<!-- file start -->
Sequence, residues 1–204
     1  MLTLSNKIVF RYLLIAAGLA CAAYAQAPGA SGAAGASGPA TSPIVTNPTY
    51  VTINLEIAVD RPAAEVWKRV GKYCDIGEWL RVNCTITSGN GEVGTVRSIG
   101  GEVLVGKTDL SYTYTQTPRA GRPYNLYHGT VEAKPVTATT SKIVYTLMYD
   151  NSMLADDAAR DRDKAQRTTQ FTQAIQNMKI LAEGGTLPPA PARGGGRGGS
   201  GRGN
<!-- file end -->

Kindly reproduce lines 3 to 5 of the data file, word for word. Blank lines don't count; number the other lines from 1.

    51  VTINLEIAVD RPAAEVWKRV GKYCDIGEWL RVNCTITSGN GEVGTVRSIG
   101  GEVLVGKTDL SYTYTQTPRA GRPYNLYHGT VEAKPVTATT SKIVYTLMYD
   151  NSMLADDAAR DRDKAQRTTQ FTQAIQNMKI LAEGGTLPPA PARGGGRGGS